“The sovereignty of the Republic of Korea shall reside in the people and the authority shall emanate from the people.”
-Section 2, Article 1, Chapter 1, Constitution of the Republic of Korea
Populism as defined in Benjamin Moffitt’s The Global Rise of Populism: Performance, Political Style. And Representation is the use by popular leaders of the strategy of pitting the “people” against the “elites” in the name of popular sovereignty. Together with their anti-elitist and anti-pluralist rhetoric and their reliance on new media technologies like social media most populist gains support from people who are no longer satisfied with the establishment due to inadequate management of issues, such as corruption, high unemployment rate, mass immigration, etc., that have highly affected the people. With the current and emerging international and domestic challenges that require more than the usual actions, the rise of populism has become more evident than ever with populist leaders like Donald Trump of the United States, Rodrigo Duterte of the Philippines, and many more came into power. Has this populist trend also have reached Northeast Asia, particularly South Korea?
In December 2016 until March 2017 the world witnessed one of the largest protests in the history of South Korea since 1987 where the South Koreans mobilized against the military junta in order to achieve democratic reforms. Also known as Candlelight Revolution, these series of protests mobilized millions of South Koreans throughout the country to the streets holding candle lights in response to the corruption, cronyism, and influence-peddling scandals of then-South Korean President Park Geun-Hye and her confidante, Choi Soon-Sil. Every Saturday, for several weeks, people gathered at city centers calling for Park Geun-Hye’s impeachment and often singing the first article of the South Korean Constitution. Such an event was a success for democracy that with the power of the people, a state leader who broke the public’s trust was taken down from her office in a nonviolent way and faced several legal charges against her.
Then enters Moon Jae-in, a liberal human rights lawyer of the progressive left Minjoo Party (Democratic Party of Korea) who won the 2017 presidential elections, ending the nine years of conservative rule of the Saenuri Party (Liberty Korea Party). During his presidential campaign, President Moon pledged to ease tension with North Korea through open dialogues and work on its denuclearization, and to strengthen diplomatic and economic relations with the United States, Japan, China, and Russia. Domestically, he pledged to increase in employment opportunities and to reform the chaebols or large family-owned business conglomerates. The South Koreans seemed hopeful with the presidency of President Moon that a year after he came into office, according to Realmeter, more than three in every four voters approved of the Moon administration. He was seen as a hero of the masses with an image of a corruption fighter in South Korea’s long history of government corruption. He used populist strategies such as having close dialogues with the people through social media and implementing policies that are favorable to the people, but not to the chaebols such as raising the taxes for corporations and individuals in the highest income brackets and improving welfare programs for the working class.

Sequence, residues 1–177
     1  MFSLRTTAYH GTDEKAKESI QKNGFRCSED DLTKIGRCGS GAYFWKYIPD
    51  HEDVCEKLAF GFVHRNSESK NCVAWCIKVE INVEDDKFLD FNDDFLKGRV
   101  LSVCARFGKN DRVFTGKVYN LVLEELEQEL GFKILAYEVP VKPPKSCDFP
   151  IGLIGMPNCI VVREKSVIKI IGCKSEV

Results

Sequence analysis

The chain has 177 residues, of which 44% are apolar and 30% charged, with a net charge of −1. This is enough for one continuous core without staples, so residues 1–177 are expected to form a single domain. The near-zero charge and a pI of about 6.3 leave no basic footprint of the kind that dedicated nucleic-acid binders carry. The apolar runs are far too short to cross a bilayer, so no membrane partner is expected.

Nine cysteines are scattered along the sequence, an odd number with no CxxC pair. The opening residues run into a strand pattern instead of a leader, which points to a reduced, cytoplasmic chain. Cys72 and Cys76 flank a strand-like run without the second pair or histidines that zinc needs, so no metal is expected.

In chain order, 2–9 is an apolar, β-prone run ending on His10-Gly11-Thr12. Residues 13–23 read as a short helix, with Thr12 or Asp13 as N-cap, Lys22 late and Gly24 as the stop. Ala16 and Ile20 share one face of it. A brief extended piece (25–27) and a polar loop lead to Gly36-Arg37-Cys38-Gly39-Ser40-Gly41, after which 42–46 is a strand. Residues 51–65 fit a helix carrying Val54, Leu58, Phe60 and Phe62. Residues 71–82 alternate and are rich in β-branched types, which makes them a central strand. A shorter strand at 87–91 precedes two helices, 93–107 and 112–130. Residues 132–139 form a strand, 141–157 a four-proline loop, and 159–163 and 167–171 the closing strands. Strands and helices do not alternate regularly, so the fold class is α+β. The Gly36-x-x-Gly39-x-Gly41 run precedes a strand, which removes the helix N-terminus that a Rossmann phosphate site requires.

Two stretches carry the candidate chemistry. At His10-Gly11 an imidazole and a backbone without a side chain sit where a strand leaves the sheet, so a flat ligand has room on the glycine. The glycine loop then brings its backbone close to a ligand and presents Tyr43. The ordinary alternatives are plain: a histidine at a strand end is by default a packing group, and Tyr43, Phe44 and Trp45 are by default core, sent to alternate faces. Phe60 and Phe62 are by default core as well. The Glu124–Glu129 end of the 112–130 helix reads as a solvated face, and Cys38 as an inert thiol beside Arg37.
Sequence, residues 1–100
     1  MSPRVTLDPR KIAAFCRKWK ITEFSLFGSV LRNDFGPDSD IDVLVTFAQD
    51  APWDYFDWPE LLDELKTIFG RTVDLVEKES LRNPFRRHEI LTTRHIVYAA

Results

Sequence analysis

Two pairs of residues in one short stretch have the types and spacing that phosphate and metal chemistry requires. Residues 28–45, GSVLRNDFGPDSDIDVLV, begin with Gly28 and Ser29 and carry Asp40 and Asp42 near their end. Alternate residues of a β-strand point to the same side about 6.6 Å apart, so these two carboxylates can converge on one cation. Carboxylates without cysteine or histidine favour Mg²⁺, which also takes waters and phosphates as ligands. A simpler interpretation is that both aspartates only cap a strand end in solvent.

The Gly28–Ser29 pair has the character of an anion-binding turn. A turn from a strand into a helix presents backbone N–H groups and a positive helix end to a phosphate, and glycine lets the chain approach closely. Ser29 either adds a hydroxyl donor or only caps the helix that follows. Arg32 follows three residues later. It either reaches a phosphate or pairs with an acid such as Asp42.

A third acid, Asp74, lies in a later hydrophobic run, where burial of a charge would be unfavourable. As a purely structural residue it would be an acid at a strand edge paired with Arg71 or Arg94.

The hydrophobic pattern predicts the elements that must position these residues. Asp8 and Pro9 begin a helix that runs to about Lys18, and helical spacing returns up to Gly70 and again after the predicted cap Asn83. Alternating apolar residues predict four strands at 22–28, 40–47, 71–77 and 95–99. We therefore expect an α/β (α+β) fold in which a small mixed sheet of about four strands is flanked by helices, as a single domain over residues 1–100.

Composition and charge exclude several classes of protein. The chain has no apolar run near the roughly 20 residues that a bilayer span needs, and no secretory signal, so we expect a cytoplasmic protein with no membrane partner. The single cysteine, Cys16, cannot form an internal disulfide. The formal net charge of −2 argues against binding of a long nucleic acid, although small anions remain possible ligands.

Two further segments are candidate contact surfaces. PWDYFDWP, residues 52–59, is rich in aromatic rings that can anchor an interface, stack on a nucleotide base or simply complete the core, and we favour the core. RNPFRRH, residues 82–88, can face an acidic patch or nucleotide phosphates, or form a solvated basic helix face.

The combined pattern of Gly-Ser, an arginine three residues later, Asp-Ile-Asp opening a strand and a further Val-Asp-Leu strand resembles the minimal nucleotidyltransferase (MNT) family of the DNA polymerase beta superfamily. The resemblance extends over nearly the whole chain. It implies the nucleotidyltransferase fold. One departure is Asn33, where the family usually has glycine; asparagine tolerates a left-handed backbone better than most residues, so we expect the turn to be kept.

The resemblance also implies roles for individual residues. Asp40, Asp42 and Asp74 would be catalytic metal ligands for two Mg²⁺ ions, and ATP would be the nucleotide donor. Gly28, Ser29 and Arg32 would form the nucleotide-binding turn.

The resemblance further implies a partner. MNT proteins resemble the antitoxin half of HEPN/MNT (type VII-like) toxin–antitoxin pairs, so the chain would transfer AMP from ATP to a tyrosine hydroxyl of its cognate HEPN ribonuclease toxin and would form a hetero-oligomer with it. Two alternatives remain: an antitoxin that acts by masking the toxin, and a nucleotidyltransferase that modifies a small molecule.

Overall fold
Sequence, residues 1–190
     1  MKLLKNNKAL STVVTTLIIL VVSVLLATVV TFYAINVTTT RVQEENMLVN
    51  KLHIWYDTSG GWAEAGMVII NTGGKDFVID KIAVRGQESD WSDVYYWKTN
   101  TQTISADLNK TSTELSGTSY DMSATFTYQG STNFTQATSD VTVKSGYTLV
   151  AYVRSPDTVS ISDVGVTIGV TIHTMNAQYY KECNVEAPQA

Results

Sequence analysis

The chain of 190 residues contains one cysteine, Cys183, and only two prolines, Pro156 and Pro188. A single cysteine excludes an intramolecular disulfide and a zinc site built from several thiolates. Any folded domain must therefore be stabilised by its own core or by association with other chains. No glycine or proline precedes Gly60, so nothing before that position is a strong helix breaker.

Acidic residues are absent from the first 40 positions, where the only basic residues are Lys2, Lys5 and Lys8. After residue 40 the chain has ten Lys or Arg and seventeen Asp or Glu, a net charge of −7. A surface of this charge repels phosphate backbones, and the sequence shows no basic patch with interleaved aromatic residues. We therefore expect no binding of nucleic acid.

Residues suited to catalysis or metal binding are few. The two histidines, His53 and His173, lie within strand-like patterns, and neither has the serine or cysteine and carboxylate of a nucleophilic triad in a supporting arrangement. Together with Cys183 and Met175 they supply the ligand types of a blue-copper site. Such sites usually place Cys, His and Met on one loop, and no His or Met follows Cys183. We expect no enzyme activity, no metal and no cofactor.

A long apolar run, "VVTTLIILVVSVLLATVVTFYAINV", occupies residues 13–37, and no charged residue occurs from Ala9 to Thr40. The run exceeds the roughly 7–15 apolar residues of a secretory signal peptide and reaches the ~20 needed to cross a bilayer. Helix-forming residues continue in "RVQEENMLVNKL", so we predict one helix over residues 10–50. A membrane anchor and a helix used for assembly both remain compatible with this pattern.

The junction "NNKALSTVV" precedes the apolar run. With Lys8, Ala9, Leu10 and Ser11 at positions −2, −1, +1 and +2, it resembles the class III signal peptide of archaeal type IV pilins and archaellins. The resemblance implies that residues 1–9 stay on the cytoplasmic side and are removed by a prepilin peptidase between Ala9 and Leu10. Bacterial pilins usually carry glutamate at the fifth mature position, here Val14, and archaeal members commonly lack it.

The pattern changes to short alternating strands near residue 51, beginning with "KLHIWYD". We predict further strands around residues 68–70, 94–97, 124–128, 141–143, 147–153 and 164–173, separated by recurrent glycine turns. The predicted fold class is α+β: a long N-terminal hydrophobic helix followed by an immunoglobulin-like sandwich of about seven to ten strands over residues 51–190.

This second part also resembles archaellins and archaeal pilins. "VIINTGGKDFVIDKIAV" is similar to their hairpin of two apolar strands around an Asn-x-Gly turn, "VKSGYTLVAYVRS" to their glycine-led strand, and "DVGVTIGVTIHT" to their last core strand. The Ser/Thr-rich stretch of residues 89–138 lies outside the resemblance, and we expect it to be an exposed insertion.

Nonetheless, similar to his predecessors the second half of his single five-year term has been tarnished by scandals. The first scandal was in December 2018, when the Saenuri Party revealed a petition on the blacklisting by the Ministry of Environment of twenty-four public servants based on their conservative political leaning. The second was the opinion rigging scandal of South Gyeongsang Governor Kim Kyoung-soo, an ally to President Moon, conducted before the 2017 polls. The latest scandal that dealt another heavy blow to the Moon administration is the corruption scandal of President Moon’s appointed justice minister Cho Kuk’s family. Although President Moon is not directly involved still amid all these, in a survey conducted by Gallup Korea, his approval rating has dropped to 39% with 53% stating that they disapprove of the Moon administration. To further add fuel to the fire, frustrations over the stagnant economic growth, widening income inequality, soaring youth unemployment, the deadlock dialogue with North Korea over denuclearization, arguments over the deployment of a U.S. anti-missile system known as Terminal High-Altitude Area Defense (THAAD) with U.S., China’s economic coercion and boycotts as a result of the THAAD deployment, and then back to square one negotiation with Japan over the comfort women issue has really put the Moon administration in a tough place. In addition, he is facing pork-barrel allegations as a result of rushing 23 state-led projects which cost around the US $2.5 billion without undergoing feasibility studies. It seems that the Moon administration also would not be able to stop the boom-and-bust cycle of South Korean presidents.